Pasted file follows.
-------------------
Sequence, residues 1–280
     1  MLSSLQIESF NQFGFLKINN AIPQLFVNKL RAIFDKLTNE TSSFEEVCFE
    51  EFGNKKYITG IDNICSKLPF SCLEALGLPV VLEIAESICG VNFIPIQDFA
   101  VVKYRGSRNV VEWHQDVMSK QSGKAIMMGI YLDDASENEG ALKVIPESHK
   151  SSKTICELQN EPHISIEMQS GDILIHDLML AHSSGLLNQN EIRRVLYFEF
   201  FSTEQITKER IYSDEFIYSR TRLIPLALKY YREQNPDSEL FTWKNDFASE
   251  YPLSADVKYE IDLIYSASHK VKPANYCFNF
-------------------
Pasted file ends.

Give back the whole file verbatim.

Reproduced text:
Sequence, residues 1–280
     1  MLSSLQIESF NQFGFLKINN AIPQLFVNKL RAIFDKLTNE TSSFEEVCFE
    51  EFGNKKYITG IDNICSKLPF SCLEALGLPV VLEIAESICG VNFIPIQDFA
   101  VVKYRGSRNV VEWHQDVMSK QSGKAIMMGI YLDDASENEG ALKVIPESHK
   151  SSKTICELQN EPHISIEMQS GDILIHDLML AHSSGLLNQN EIRRVLYFEF
   201  FSTEQITKER IYSDEFIYSR TRLIPLALKY YREQNPDSEL FTWKNDFASE
   251  YPLSADVKYE IDLIYSASHK VKPANYCFNF